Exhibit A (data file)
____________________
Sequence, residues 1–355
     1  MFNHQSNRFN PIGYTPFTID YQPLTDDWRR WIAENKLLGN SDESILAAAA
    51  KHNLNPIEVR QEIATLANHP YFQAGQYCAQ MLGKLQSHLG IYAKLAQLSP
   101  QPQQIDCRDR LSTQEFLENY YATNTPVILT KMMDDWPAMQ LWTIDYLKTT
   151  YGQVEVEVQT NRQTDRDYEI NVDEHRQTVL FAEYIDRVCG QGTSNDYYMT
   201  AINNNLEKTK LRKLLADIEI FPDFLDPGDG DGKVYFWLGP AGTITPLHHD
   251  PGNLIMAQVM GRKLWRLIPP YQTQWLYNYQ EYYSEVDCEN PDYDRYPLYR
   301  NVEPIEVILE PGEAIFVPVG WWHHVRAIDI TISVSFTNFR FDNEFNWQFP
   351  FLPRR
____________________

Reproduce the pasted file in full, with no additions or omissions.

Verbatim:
Sequence, residues 1–355
     1  MFNHQSNRFN PIGYTPFTID YQPLTDDWRR WIAENKLLGN SDESILAAAA
    51  KHNLNPIEVR QEIATLANHP YFQAGQYCAQ MLGKLQSHLG IYAKLAQLSP
   101  QPQQIDCRDR LSTQEFLENY YATNTPVILT KMMDDWPAMQ LWTIDYLKTT
   151  YGQVEVEVQT NRQTDRDYEI NVDEHRQTVL FAEYIDRVCG QGTSNDYYMT
   201  AINNNLEKTK LRKLLADIEI FPDFLDPGDG DGKVYFWLGP AGTITPLHHD
   251  PGNLIMAQVM GRKLWRLIPP YQTQWLYNYQ EYYSEVDCEN PDYDRYPLYR
   301  NVEPIEVILE PGEAIFVPVG WWHHVRAIDI TISVSFTNFR FDNEFNWQFP
   351  FLPRR